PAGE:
New from Spaceweather.com: Edge of Space Advertising. Send your product or message to the edge of space for a down-to-Earth fee. Profits support student space weather research. Email Dr. Tony Phillips for more information.
NORTHERN LIGHTS: Arctic sky watchers should be alert for auroras. Currently, solar wind conditions favor geomagnetic activity at high-latitudes, sparking Northern Lights bright enough to shine through the late-summer twilight. Mike Theiss sends this picture from the east coast of Iceland:
"The lights were incredible," says Theiss. "They changed intensity on and off for about 3 hours on Aug. 27th."
These auroras signal the arrival of a CME launched toward Earth on Aug. 22nd. As NOAA analysts predicted, the solar wind speed did not change much in response to the CME. However, the storm cloud contained a south-pointing magnetic field that opened a crack in Earth's magnetosphere. Solar wind is pouring in to fuel the ongoing display. Aurora alerts: text, voice
Aurora Photo Gallery
COMET CANDIDATE LANDING SITES SELECTED: Working over the weekend, Rosetta mission planners and scientists narrowed a list of 10 candidate landing sites to only 5. They are circled in this image of the core of 67P/Churyumov-Gerasimenko:
In mid-November, Rosetta's Philae lander will attempt to touch down in one of these locations--the first time humankind has ever landed a probe on the core of a comet.
The candidate sites are distributed as follows: three (I, B and J) on the comet's smaller lobe and two (A and C) on the larger. The comet's canyon-like neck has been excluded. All of the candidate landing sites provide at least six hours of daylight per comet rotation and offer some flat terrain. According to the ESA, every site has the potential for unique scientific discoveries by the lander's 10 instruments.
A full discussion of each site may be found in this ESA press release. By September 14th, the five candidates will have been assessed and ranked, leading to the selection of a primary landing site, for which a fully detailed strategy for the landing operations will be developed, along with a backup. Stay tuned for updates as the selection process unfolds.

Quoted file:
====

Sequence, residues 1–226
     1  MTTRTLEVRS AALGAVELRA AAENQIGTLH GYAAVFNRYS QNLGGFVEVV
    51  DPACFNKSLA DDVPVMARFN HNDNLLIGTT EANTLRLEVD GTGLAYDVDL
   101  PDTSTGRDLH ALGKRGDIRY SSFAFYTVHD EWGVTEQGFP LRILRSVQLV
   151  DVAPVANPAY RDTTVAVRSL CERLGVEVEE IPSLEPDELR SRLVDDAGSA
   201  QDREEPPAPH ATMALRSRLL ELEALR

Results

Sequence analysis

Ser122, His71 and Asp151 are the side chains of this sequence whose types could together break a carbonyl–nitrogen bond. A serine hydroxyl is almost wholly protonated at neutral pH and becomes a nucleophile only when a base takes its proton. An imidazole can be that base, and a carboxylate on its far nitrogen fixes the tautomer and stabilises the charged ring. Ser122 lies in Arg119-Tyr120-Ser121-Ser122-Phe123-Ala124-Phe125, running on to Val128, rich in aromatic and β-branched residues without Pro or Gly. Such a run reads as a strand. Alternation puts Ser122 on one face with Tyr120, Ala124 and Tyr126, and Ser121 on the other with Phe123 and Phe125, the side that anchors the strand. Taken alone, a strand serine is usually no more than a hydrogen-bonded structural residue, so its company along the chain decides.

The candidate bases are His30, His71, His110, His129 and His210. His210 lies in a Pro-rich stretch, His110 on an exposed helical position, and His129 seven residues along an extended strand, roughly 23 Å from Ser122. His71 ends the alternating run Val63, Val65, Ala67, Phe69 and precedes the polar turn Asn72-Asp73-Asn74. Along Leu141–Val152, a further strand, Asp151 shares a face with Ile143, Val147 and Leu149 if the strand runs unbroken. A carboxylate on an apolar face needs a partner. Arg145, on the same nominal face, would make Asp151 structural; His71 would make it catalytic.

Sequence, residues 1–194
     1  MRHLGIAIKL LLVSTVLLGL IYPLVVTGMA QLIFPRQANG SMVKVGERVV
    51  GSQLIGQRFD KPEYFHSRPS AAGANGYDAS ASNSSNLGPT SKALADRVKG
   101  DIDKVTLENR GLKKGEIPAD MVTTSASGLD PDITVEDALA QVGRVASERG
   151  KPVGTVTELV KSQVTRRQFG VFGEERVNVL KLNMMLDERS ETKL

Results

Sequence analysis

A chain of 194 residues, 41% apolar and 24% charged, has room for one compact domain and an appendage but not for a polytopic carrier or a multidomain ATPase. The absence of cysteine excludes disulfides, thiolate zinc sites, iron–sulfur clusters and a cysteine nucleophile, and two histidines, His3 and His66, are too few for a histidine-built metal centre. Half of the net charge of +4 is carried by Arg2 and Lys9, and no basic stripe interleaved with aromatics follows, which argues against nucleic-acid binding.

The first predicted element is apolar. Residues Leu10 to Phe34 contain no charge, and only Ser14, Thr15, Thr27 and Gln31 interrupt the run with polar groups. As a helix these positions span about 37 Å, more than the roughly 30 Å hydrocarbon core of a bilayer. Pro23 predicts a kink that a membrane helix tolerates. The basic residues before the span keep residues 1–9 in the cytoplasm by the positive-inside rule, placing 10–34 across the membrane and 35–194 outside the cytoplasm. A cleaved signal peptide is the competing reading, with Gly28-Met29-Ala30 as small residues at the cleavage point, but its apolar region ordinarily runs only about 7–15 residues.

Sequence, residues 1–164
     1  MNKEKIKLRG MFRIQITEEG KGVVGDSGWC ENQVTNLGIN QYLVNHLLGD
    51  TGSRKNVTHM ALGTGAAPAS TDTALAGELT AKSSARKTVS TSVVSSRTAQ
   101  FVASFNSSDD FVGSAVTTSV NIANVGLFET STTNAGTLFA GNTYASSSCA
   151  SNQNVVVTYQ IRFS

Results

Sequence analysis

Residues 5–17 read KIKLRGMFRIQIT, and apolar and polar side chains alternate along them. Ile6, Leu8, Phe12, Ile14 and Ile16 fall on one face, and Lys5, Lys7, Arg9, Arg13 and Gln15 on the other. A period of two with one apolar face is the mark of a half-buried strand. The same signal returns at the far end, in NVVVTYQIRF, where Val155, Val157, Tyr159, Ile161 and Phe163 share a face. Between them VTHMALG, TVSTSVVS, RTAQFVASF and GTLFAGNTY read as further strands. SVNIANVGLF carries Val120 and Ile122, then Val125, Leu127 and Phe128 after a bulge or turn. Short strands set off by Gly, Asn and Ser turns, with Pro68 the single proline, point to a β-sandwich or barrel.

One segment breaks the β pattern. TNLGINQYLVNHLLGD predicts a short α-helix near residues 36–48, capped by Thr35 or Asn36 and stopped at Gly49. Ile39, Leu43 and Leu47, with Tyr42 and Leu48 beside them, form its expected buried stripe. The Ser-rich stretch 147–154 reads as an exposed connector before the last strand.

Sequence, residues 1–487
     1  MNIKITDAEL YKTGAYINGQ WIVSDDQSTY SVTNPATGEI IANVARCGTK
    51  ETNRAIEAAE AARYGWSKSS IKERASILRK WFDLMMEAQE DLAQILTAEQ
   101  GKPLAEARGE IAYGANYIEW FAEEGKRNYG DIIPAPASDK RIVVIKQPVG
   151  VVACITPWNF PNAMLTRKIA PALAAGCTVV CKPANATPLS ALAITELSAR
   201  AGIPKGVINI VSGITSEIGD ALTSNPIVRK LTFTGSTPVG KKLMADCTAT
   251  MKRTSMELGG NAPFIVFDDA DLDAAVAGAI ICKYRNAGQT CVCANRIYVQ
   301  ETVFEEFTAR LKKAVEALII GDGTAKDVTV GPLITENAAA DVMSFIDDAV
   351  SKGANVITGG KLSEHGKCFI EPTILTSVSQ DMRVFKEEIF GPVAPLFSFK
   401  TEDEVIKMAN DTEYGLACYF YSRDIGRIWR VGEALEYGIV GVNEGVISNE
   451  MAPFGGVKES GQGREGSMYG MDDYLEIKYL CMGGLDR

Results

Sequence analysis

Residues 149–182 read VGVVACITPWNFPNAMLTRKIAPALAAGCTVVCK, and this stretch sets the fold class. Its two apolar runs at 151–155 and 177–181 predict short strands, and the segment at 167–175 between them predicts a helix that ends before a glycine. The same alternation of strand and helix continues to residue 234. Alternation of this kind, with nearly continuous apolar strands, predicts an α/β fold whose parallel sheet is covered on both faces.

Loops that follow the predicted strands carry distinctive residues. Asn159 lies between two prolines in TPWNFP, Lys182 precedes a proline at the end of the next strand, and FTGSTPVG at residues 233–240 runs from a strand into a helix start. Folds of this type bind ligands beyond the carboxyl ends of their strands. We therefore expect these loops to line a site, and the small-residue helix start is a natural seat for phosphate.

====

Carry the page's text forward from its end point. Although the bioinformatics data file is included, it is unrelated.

Comet Photo Gallery
STRATOSPHERIC SPACE WEATHER BUOY: Have you ever wondered what a lunchbox suspended 112,000 feet above Earth's surface would look like? The answer is, this:
This is actually a Space Weather Buoy--a lunchbox containing a cosmic ray detector, cameras, GPS trackers, a thermometer and other sensors. It flew to the stratosphere on August 22nd tethered to a suborbital helium balloon. In collaboration with Spaceweather.com, the students of Earth to Sky Calculus have been launching these buoys on a regular basis to study the effect of solar activity on Earth's upper atmosphere. Soon, they will release results from a year-long campaign covering altitudes of interest to aviation, space tourism, and ozone research.
The students wish to thank Eden Botanicals for sponsoring the August 22nd flight. (Note their logo on the corner of the payload.) This was the student group's 58th successful launch--almost all paid for by a combination of donations and commercial advertising.
Readers, would you like to sponsor the next flight of the Space Weather Buoy? For only $500 you can send your logo to the edge of space and help students continue their explorations of the stratosphere. Contact Dr. Tony Phillips for more information.
Space Weather Photo Gallery
Meteor Photo Gallery
NLC Photo Gallery
Every night, a network
all-sky cameras scans the skies above the United
States for meteoritic fireballs. Automated software
maintained by NASA's Meteoroid Environment Office
calculates their orbits, velocity, penetration depth
in Earth's atmosphere and many other characteristics.
Daily results are presented here on Spaceweather.com.
On Aug. 26, 2014, the network reported 54 fireballs.
(48 sporadics, 6 kappa Cygnids)
In this diagram of the inner solar system, all of the fireball orbits intersect at a single point--Earth. The orbits are color-coded by velocity, from slow (red) to fast (blue). [Larger image] [movies]
Potentially Hazardous Asteroids (PHAs
are space rocks larger than approximately 100m that
can come closer to Earth than 0.05 AU. None of the
known PHAs is on a collision course with our planet,
although astronomers are finding new
all the time.
August 27, 2014 there were 1495
potentially hazardous asteroids.
Notes: LD means
"Lunar Distance." 1 LD = 384,401 km, the distance
between Earth and the Moon. 1 LD also equals 0.00256
AU. MAG is the visual magnitude of the asteroid on
the date of closest approach.
official U.S. government space weather bureau
first place to look for information about sundogs,
pillars, rainbows and related phenomena.
call it a "Hubble for the sun." SDO
is the most advanced solar observatory ever.
views of the sun from NASA's Solar and Terrestrial
and archival images of the Sun from SOHO.
the NOAA Space Environment Center
underlying science of space weather